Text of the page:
The term "going paperless" has become a buzz word in many industries, but there are numerous undertakings that still rely on paper-based processes. ITBusinessEdge recently took a look at a few of these.
Mortgages, jobs and credit, oh my!
The application process for mortgages, jobs and credit is still largely manual. Specifically, mortgage applications "often require an absurd number of signatures, sometimes in the presence of a notary," the source explained, while people looking to secure credit must fill out virtually identical forms multiple times because there is no electronic way to transfer the data between institutions – and this is also true for job-seekers.
"While it's true that some positions do allow you to apply online, often they're simply electronic versions of paper-based applications that require you to duplicate information from one application to another," the media outlet noted.
Meanwhile, contracts and other legal documents – for instance, those used by executors of estates – "are often non-electronic, or non-searchable electronic forms, making it difficult to search for offending clauses," the source pointed out. Leveraging conversion services would facilitate the significant streamlining of information management with regard to these types of documentation, but the widespread adoption of document imaging solutions has yet to become a reality for the vast majority of people using contracts.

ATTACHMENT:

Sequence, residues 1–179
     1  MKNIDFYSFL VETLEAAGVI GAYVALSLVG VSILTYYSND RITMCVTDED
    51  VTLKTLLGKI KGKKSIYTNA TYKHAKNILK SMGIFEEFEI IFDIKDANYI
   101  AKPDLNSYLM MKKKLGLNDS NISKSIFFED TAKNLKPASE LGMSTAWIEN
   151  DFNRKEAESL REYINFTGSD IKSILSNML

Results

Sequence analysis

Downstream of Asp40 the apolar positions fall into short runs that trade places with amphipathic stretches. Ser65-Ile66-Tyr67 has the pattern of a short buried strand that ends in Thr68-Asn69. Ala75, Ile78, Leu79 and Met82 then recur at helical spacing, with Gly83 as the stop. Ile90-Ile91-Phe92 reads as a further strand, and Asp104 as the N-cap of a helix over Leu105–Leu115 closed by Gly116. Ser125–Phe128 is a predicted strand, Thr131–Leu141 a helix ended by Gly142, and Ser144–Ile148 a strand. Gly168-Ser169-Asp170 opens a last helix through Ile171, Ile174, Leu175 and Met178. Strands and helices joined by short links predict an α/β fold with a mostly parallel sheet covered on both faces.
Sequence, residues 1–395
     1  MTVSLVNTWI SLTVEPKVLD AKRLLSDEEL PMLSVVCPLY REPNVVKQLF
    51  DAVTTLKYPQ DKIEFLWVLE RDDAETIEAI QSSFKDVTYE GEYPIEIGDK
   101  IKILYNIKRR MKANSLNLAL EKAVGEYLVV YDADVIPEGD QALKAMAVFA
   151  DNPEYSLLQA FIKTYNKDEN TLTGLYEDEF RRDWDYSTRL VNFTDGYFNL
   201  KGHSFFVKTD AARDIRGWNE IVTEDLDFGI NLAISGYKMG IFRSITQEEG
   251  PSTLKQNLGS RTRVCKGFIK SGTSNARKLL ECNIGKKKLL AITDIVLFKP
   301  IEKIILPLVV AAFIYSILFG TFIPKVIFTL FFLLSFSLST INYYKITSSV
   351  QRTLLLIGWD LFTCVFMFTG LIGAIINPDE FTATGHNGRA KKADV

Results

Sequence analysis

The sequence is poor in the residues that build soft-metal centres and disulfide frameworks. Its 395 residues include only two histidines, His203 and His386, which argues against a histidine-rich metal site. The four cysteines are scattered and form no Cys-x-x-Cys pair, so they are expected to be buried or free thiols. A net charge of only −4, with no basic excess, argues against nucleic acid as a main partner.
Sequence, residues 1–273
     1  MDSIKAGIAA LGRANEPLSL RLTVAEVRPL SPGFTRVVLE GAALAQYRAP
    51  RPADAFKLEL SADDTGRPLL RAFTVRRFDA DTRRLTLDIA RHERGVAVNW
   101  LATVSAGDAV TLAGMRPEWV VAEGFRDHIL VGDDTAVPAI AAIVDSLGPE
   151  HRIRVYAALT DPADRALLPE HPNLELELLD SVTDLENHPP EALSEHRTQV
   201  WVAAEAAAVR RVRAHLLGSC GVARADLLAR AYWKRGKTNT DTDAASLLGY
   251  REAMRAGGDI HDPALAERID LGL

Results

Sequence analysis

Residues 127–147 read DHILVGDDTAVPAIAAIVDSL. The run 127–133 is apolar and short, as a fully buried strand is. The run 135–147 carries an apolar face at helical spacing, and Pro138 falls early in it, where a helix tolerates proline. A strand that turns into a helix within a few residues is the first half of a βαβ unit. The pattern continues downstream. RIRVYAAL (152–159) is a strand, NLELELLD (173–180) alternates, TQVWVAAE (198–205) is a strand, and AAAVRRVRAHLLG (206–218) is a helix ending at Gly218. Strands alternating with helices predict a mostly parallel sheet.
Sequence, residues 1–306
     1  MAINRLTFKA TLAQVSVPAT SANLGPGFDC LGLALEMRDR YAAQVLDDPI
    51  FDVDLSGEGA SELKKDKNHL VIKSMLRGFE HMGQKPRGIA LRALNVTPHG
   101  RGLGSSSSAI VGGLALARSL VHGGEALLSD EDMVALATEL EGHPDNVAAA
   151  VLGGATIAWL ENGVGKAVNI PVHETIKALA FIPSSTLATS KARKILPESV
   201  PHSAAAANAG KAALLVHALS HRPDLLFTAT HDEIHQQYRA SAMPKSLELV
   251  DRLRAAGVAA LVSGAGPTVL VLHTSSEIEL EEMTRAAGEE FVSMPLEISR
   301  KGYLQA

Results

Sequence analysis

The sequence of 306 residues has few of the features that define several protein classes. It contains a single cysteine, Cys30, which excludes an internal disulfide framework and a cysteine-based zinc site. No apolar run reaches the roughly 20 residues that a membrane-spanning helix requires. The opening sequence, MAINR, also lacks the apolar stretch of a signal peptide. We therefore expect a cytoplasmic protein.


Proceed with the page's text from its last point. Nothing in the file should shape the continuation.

Government processes behind the times
Looking to submit tax documents such as W2s, register to vote or apply for a business license? Be prepared for a pen-and-paper approach, because the government hasn't yet come up with a robust nationwide method of making these forms available in electronic formats, which often translates to a lot of legwork for the people filling them out. For instance, as ITBusinessEdge pointed out, someone who lives in a state that does not offer the option of online voter registration is forced to "track down a form, fill it out and, in some cases, manually deliver it someplace for it to be recorded" – all to exercise the constitutional right to vote.
That said, in a bid to encourage the adoption of electronic processes and ensure the security of digitally-managed information, the National Archives and Records Administration plans to "develop updated format guidance for permanent electronic records and the management of email records, explore and stimulate automated approaches for managing digital record content (email, social media), and identify solutions and requirements for cloud-based records management and storage," according to the latest iteration of its Records Management Self-Assessment report.
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